Market outlook: US petrochemical producers weigh cracker options

01 March 2013 09:12  [Source: ICB]

With the merger of the Rhodia business now largely complete and a new company structure in place, the group is looking to portfolio reshaping to help drive profits

Solvay is looking to emerging markets such as China to improve profit growth 

 Solvay is looking to emerging markets such as China to improve profit growth

Copyright: Rex Features

Belgium's Solvay is making cost savings at a faster pace than expected following its merger with specialty chemicals maker Rhodia. And even though integration of the two businesses is largely complete, there are more levers to pull; more streamlining to come; and the realignment of some product portfolios.

Combine that with the top-line growth expected from capacity expansions and management is convinced it can hit a 2016 target of €3bn ($4bn) recurring earnings before interest, tax, depreciation and amortisation (REBITDA).

REBITDA before exceptional charges and gains last year were up by just 2% from 2012, at €2.07bn, with "severe margin erosion at Solvay's cycle sensitive segments" compensated by healthier returns from some of the higher-growth and more cycle-resilient products, the company said on 14 February.

Vinyls and polyamide were hard hit. Globally, polyvinyl chloride (PVC) volumes and sales were down 6% because of the downturn in construction. The Vinythai business in Thailand was sold out but European volumes were lower. The sales and volume statistics were affected by the decision at the end of the year to exit the Latin American chlorvinyls venture Indupa, in which Solvay has a 70% stake.

Solvay's polyamide materials businesses sat within its Rhodia reporting segment in 2012 and posted 49% lower REBITDA for the year. The company talked of "lacklustre demand, deteriorating operating leverage and poor pricing power" as the reason for the downturn. Volumes were down 5% largely because of lower activity in the automobile sector and a "very tough competitive environment".

Solvay clearly has to make some moves to address underlying competitive issues in both businesses. The European chloralkali and vinyls businesses are operating in an increasingly tough competitive environment and 2013 is likely to be difficult.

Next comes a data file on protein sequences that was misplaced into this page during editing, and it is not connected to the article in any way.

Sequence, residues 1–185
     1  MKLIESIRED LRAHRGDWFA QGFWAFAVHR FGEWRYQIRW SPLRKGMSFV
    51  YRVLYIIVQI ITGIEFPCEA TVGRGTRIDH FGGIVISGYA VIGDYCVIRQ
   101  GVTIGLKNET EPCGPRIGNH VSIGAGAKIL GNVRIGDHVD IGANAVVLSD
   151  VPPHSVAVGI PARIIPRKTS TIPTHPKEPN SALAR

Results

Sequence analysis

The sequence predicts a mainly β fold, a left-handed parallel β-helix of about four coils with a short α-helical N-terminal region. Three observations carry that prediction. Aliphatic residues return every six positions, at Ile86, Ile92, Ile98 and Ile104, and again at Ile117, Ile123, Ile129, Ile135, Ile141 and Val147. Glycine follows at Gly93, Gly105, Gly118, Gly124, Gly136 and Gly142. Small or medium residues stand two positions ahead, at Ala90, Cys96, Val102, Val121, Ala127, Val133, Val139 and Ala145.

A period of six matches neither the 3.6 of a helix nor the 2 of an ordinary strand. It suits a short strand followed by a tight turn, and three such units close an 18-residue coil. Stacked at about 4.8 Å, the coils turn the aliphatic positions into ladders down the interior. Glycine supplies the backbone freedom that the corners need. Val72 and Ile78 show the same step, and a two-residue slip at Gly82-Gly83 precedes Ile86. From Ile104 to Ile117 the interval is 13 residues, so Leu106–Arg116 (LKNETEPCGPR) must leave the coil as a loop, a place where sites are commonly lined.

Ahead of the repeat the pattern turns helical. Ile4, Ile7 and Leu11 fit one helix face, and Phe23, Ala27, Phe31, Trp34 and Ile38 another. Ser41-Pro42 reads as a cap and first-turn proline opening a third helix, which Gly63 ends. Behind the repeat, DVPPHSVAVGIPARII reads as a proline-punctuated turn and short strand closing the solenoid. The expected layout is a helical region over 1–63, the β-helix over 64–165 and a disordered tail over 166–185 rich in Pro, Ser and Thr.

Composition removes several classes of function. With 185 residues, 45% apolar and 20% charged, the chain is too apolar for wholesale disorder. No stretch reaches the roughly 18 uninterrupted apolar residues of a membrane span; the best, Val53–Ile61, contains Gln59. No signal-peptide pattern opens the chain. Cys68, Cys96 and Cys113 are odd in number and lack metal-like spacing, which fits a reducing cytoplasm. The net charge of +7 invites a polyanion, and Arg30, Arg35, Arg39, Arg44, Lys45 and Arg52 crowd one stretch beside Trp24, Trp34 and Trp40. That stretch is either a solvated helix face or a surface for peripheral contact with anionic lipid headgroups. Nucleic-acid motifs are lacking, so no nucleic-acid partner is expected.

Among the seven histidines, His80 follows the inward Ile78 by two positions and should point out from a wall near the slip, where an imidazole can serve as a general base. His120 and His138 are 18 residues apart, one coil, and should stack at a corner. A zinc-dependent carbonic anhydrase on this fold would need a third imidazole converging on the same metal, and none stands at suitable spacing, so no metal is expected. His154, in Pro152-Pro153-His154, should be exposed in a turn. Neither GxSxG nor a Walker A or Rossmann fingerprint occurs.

Solvay has almost completely made the switch from mercury to membrane cell chloralkali production (it has a mercury cell plant in Spain), but still operates in a high electricity cost environment. In the vinyls chain it is exposed to the ethylene price, which fluctuates with crude and naphtha.

Lower polyvinyl chloride (PVC) prices in North America, which can be put down to cheaper electricity and ethylene due to the ready availability of natural gas and ethylene from shale, are expected to cap prices in Europe.

Solvay is also hurt by high butadiene (BD) prices (because of the shift globally towards more gas and less liquids cracking) in the polyamide chain businesses. And again, it operates in a high natural gas cost environment in Europe.

The PVC business is a significant cash generator for Solvay and the company continues to make money in the extremely difficult, oversupplied European market environment. "The challenge there is how we can directly or indirectly contribute to some kind of restructuring in this market," CEO Jean-Pierre Clamadieu told ICIS in a recent interview. Solvay is actively seeking a solution for PVC, he said on 14 February.

Rhodia said on the same date that it was working to lift polyamide profits by €100m by 2014 - they were €99m in 2012 on sales of €1.70bn. The plan is to improve plant efficiencies and profitability and to differentiate its product offerings to distinguish between low cost to service and high cost to service models.